It was probably the most therapeutic walk home I’ve ever had. The views were staggering; the weather was phenomenal – that on its own would have been enough to make the journey home a good one. However, it just so happens that in the three miles that connect the two houses, many of my most treasured memories reside.
I remembered jogging up and down this road on a regular basis, until my legs were weak, and my lungs felt like they were giving up on me. I needed to. After all, I was going to play rugby for England, so I needed to be fit. This road remembers that determination. Further on, I remembered one of the best conversations I think I’ve ever had. Lounging in the shade beneath the trees, I remember discussing what my house would look like, what I would do when I finished university, what my children would be called. This road remembers my hopes and dreams. I remembered one of the first kisses I’d ever experienced as I walked past the hallowed ground; an idyllic footpath hidden from onlookers – that’s important when you’re fourteen you know. This road remembers the naivety of that teenage romance. Today it simply reminded me that it still did.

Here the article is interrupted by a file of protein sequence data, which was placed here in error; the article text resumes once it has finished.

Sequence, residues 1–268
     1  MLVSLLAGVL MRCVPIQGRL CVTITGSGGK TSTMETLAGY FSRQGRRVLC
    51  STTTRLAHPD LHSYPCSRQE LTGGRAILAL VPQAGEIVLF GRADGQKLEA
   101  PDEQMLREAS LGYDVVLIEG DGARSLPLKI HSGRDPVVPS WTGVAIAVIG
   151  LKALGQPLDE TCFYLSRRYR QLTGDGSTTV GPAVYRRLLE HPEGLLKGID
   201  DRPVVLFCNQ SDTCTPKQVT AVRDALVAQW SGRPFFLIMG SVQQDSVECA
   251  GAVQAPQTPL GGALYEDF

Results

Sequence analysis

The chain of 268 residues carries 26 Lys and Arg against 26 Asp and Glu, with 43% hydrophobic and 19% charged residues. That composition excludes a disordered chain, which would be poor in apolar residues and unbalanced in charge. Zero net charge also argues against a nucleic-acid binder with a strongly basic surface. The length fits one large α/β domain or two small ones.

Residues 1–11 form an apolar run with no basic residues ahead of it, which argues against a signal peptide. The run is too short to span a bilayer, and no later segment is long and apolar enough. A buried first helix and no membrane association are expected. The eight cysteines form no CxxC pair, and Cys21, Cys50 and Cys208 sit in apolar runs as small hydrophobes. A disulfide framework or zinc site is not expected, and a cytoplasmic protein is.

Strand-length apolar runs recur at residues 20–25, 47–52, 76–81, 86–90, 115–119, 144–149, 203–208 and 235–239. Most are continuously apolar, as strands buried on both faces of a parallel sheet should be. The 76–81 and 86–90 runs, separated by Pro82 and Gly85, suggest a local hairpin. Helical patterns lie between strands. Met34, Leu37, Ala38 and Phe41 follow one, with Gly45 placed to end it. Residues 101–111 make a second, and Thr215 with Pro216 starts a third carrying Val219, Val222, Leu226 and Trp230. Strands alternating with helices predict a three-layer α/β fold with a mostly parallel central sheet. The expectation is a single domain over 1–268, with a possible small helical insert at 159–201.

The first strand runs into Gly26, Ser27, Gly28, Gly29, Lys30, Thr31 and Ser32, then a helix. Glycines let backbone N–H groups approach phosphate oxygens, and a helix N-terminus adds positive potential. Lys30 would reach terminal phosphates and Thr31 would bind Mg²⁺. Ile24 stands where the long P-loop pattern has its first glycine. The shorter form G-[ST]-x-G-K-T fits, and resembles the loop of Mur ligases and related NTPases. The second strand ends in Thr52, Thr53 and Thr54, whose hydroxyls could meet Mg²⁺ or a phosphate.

Today this road became aware of Annie. It became aware of who she was, how she impacted people and all the things I should’ve said to her but couldn’t quite summon the courage to when the opportunity arose. Today, this road will remember my tears at twenty-one and my conversation with God as I simply asked: “why did you choose this girl at this time?!” In the future, this road will remind me, just as God did today, that the Lord knows the plans he has for me. That my God has plans to give me hope, plans to give me a future. That irrespective of my lack of understanding, good will come from this. In the future, this road will remind me of the excitement I felt today as I put my grief and my questioning aside and looked at the sensational impact that Annie’s life has had, as well as the posthumous impact it is still having and will continue to have in the future.